The following was first posted here December 19, 2012. It is a reminder that TransLink is not always aligned with serving British Columbian workers’ long term interests, despite the present position of trade unions representing transit workers.
Do you use electricity, live in a space that attracts property tax, purchase motor fuel or pay fees to park your chariot or ride transit after after actually paying a fare? Well, if you do any of those things, you’re putting money in the bank accounts of TransLink.
However, while the transit agency is eager to put its hands into each and every one of our pockets, it’s not so keen on spending that money in British Columbia. Spending that might create jobs, as in shipyards that may or may not, eventually, someday, build navy ships, if F35’s don’t empty the armed forces budgets first.
The Seabus vessels have been cost effective successes and long-time symbols of west coast industrial capability but the TransLink board decided to hire Damen Shipyards Group of The Netherlands to build a replacement vessel, at a cost of $25 million. That price is 75% more than original cost of the locally built MV Burrard Beaver, price adjusted for inflation. Also, there was no announcement about fuelling the new SeaBus with natural gas, something that should have be a no-brainer in this gas-rich province. Norwegian operators are not reticent about using this fuel. Read Reinventing the wheel, timidly.
After the TransLink decision, I did note the failure of Premier Photo-Op and her Jobs Plan entourage to hold a celebration of the award of an actual contract to build an actual ship, in the Netherlands. She was more than willing to take credit for possible BC shipyard spending by the federal government so why not the same for spending of the transit agency created by her administration.
|Premier Photo-Op addresses a character from central casting|
Once, the SeaBus vessels were proof of BC’s design and manufacturing prowess. The all-aluminum catamarans were the first of their kind anywhere in the world. Each of the two ships cost $3.7 million in 1976, $14.25 million in today’s dollars. Transit officials came here from all over to examine this highly efficient people mover.
Perhaps because it was an initiative of the Dave Barrett government, a Vancouver Sun columnist called the SeaBus project “a great civil service boondoggle.” It was no boondoggle. The entire project has been undeniably successful and 25 years passed before a vessel missed a single day of service. Operators claimed 99.993% reliability. Despite 35 years of service MV Burrard Beaver continues dependable operations day after day hauling thousands of passengers in comfort and safety.
The TransLink board is populated entirely by affluent dilettantes, who don’t worry about where next month’s rent money is coming from. Jobs? Most of the directors are collecting remuneration from numerous sources, many of them funded by taxpayers. Too bad there is so little commitment to creating employment for British Columbia trades people.
Here is a list of TransLink diectors, not exactly representative of the community it allegedly serves. Note the absence of people representing labour, community groups or, gasp, transit users.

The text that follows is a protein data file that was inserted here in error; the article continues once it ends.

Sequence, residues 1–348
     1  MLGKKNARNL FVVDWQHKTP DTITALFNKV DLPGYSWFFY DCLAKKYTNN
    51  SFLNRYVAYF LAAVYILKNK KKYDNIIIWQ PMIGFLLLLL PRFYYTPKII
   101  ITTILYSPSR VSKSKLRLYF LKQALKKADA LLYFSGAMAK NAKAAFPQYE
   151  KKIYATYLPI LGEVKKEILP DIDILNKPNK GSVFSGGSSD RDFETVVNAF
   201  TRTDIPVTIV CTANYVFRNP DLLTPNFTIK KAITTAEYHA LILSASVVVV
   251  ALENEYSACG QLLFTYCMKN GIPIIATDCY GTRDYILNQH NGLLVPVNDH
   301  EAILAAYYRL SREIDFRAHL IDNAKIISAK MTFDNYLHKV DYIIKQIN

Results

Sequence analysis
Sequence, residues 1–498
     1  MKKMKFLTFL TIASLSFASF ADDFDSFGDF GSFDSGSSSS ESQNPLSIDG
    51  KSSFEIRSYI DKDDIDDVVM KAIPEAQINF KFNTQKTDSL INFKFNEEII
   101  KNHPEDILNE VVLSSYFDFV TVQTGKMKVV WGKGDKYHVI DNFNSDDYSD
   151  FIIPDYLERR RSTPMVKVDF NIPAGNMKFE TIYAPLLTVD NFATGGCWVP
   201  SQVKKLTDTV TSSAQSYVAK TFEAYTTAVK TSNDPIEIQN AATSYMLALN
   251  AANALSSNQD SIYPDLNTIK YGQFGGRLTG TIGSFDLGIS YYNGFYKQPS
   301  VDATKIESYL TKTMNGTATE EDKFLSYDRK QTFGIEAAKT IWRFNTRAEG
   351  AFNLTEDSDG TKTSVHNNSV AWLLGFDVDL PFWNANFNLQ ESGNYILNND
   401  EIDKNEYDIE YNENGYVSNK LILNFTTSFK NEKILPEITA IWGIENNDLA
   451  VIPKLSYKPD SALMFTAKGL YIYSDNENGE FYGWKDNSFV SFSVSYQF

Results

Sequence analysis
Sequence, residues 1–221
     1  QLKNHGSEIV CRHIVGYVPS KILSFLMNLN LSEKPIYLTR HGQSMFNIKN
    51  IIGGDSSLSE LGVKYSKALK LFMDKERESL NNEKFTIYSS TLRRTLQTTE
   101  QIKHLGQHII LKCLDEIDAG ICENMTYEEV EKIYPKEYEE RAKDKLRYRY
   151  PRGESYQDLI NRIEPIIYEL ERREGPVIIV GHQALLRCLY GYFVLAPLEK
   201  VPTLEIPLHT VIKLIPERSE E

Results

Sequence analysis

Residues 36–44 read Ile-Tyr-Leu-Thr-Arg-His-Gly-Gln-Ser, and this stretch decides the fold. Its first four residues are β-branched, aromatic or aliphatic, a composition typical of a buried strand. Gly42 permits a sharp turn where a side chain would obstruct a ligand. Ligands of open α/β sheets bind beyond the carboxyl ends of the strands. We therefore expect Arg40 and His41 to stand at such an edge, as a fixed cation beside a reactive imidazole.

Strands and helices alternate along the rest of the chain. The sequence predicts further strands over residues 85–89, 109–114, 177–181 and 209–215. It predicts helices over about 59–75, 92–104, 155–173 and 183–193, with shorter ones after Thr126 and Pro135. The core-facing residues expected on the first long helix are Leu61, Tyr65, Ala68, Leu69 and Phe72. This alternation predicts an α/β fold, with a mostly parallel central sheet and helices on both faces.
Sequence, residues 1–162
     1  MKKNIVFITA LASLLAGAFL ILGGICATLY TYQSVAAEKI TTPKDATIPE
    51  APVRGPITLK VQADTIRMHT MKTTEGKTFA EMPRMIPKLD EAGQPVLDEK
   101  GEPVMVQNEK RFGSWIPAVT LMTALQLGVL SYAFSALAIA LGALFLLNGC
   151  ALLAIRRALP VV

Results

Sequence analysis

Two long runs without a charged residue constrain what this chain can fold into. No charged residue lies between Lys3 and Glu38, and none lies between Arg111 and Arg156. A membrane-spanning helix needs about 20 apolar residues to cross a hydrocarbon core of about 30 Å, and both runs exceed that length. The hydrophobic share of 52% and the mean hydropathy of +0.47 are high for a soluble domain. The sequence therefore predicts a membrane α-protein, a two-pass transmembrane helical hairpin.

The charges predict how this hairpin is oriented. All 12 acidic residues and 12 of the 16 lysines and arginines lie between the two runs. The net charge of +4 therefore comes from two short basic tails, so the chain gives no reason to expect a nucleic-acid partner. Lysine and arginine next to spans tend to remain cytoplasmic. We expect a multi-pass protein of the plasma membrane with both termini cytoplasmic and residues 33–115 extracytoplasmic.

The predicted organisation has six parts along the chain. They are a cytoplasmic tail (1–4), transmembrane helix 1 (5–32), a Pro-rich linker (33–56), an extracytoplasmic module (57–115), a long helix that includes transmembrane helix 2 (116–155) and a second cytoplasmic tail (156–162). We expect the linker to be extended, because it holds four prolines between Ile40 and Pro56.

- Nancy Olewiler, board chair – faculty member, Simon Fraser University;
- James Bruce, board vice-chair – investment manager;
- Robin Chakrabarti, investment manager;
- Rick Christiaanse, GM at Glentel, wireless retailer;
- Lorraine Cunningham, ship broker, agent and itinerant board member;
- John Dawson, accountant and investment manager;
- Barry Forbes, credit union CEO;
- Sarah Goodman, VP Tides Canada;
- Howard Nemtin, real estate developer;
- Don Rose, lawyer specialized in resource industries;
- Marcella Szel, former CNR VP, another itinerant board member;
A reader’s comment to this article recognizes the multiplier effect of spending. It is an important issue when government or consumers consider purchasing locally created goods and materials versus the import of finished goods. From a helpful British site, Economics online, we have The multiplier effect:
“Every time there is an injection of new demand into the circular flow there is likely to be a multiplier effect. This is because an injection of extra income leads to more spending, which creates more income, and so on. The multiplier effect refers to the increase in final income arising from any new injection of spending.
“…It is important to remember that when income is spent, this spending becomes someone else’s income, and so on. ..For example, if 80% of all new income in a given period of time is spent on local products, the marginal propensity to consume would be 80/100, which is 0.8.
“Hence, if consumers spend 80% and save 20% of every $1 of extra income, the multiplier is 5, which means that every $1 of new income generates $5 of extra income.”
Potentially, local manufacture of a new SeaBus at $25 million, could add more than $100 million in spending to the BC economy. That would depend on the actual multiplier effect and the proportion of goods and services originating here.
Nevertheless, if TransLink thinks they can save 8% buying overseas, they have no understanding of first year economics. A cynic might imagine other reasons for sourcing large acquisitions overseas. It’s some BC Liberals do frequently.